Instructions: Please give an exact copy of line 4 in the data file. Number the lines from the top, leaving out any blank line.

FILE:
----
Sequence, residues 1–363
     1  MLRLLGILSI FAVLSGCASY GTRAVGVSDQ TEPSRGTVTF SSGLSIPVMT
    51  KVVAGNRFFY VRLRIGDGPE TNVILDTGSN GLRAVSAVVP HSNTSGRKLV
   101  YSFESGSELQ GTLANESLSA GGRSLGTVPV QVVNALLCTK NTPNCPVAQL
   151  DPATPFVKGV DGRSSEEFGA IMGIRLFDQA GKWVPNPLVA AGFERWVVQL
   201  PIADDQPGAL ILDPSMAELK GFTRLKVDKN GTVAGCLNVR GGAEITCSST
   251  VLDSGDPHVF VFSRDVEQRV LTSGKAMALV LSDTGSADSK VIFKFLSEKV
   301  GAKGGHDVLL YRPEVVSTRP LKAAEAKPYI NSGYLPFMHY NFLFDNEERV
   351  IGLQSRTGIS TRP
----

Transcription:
   101  YSFESGSELQ GTLANESLSA GGRSLGTVPV QVVNALLCTK NTPNCPVAQL